• Humans have limited self-control and make choices that undermine long-term goals in favor of short-term rewards.
  • The availability heuristic leads people to make judgments based on easily recalled examples rather than probability statistics.
  • Framing effects can significantly impact decision-making, as people respond differently to the same options presented differently.
  • People are influenced by social norms and herd behavior, often conforming to group opinion without considering the underlying reasons.
  • Anchoring biases lead individuals to rely too heavily on initial information when making decisions.
  • Behavioral economics can improve our understanding of economic phenomena and inform better public policy design.


“discovery starts with anomalies.”

“One overly simplistic idea is that we can improve student performance just by giving financial incentives to parents, teachers, or kids. Unfortunately, there is little evidence that such incentives are effective, but nuances matter. For example, one intriguing finding by Roland Fryer suggests that rewarding students for inputs (such as doing their homework) rather than outputs (such as their grades) is effective. I find this result intuitively appealing because the students most in need do not know how to become better students. It makes sense to reward them for doing things that educators believe are effective.”

“A third positive result even further from the traditional tool kit of financial incentives comes from a recent randomized control trial conducted in the U.K., using the increasingly popular and low-cost method of text reminders. This intervention involved sending texts to half the parents in some school in advance of a major math test to let them know that their child had a test coming up in five days, then in three days, then in one day. The researchers call this approach “pre-informing.” The other half of parents did not receive the texts. The pre-informing texts increased student performance on the math test by the equivalent of one additional month of schooling, and students in the bottom quartile benefited most. These children gained the equivalent of two additional months of schooling, relative to the control group. Afterward, both parents and students said they wanted to stick with the program, showing that they appreciated being nudged. This program also belies the frequent claim, unsupported by any evidence, that nudges must be secret to be effective.”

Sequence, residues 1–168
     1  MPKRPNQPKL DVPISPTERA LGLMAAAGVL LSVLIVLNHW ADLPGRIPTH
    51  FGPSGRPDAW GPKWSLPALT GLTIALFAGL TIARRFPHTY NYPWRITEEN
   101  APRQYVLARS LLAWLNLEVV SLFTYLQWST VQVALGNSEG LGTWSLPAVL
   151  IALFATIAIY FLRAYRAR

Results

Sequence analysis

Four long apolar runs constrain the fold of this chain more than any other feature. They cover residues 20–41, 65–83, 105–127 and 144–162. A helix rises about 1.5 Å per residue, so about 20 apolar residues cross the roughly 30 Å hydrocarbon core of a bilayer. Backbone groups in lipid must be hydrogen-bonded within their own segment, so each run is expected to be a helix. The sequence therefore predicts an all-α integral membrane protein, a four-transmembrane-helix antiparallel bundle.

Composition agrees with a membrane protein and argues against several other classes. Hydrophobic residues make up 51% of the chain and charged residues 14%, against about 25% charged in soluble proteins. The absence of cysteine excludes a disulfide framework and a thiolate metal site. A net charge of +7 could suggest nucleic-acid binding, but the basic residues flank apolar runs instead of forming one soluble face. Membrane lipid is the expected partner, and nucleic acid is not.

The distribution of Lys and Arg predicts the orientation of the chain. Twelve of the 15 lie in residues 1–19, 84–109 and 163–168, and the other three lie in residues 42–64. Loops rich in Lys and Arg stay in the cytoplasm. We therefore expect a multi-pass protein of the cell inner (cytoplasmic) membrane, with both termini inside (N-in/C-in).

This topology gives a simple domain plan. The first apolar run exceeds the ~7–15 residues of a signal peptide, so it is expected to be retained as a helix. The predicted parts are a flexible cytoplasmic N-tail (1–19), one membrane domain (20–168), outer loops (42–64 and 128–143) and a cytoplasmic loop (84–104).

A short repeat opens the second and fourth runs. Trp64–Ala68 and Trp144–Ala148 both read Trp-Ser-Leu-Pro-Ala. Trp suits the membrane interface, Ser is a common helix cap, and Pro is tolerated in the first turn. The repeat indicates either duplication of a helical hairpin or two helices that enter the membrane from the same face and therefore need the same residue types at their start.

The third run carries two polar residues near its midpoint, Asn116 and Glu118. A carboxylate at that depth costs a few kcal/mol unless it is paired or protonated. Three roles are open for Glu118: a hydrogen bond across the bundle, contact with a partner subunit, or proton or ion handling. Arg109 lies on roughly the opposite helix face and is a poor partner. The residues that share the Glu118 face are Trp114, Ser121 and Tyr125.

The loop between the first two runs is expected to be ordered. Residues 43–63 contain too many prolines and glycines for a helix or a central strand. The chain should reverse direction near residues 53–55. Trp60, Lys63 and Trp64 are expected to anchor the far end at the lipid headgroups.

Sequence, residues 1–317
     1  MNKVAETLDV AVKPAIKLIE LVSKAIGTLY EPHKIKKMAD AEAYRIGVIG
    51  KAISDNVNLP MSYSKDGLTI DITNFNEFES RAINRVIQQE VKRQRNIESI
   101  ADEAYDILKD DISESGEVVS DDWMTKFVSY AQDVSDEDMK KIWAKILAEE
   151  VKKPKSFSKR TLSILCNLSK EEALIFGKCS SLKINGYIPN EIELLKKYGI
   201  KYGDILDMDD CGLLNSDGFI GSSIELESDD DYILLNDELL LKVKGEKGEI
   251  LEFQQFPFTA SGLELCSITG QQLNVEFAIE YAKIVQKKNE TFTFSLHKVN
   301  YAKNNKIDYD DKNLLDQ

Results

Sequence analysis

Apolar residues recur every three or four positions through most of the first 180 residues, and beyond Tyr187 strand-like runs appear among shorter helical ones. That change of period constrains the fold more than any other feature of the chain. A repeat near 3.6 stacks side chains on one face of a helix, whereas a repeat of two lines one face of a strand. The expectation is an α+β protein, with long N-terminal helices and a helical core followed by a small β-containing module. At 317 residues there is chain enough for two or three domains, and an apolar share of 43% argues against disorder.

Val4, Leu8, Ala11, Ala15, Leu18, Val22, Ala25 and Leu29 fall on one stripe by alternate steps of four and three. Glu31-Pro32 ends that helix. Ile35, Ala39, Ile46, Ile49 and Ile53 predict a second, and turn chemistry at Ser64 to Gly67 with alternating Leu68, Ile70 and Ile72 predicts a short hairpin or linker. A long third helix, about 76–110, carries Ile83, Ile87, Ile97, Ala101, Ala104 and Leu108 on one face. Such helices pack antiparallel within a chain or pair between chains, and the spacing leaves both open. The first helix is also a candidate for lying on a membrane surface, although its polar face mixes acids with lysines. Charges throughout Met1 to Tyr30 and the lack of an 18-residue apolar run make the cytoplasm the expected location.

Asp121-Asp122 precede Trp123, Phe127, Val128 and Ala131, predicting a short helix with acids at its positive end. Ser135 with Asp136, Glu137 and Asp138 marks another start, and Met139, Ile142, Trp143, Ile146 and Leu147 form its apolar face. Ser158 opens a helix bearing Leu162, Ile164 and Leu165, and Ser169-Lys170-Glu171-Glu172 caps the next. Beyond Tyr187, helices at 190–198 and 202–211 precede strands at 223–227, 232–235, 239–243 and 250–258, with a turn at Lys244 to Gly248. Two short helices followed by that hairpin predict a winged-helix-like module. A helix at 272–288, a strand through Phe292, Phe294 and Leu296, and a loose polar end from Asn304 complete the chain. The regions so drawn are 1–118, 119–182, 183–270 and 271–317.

“It ain’t what you don’t know that gets you into trouble. It’s what you know for sure that just ain’t so.”

“Stories are powerful and memorable. That is why I have told so many in this book. But an individual anecdote can only serve as an illustration. To really convince yourself, much less others, we need to change the way we do things: we need data, and lots of it. [...] People become overconfident because they never bother to document their past track record of wrong predictions, and then they make things worse by falling victim to the dreaded confirmation bias - they only look for evidence that confirms their preconceived hypotheses. The only protection against overconfidence is to systematically collect data, especially data that can prove you wrong. [...] "If you don't write it down, it doesn't exist". In addition, most organizations have an urgent need to learn how to learn, and then commit to this learning in order to accumulate knowledge over time. At the very least this means trying new things and keeping track of what happens. Even better would be to run actual experiments. [...] The ideal organizational environment encourages everyone to observe, collect data, and speak up.”

“even when you are talking to the boss, you need to warn of the threat of an impending disaster.”

“Many start with unrealistic expectations about the chance of success: the vast majority believe their chance of success to be far above average, and a third or so believe their success is a sure thing (Cooper, Woo, and Dunkelberg, 1988)!”


What do you think of "Misbehaving"? Share your thoughts with the community below.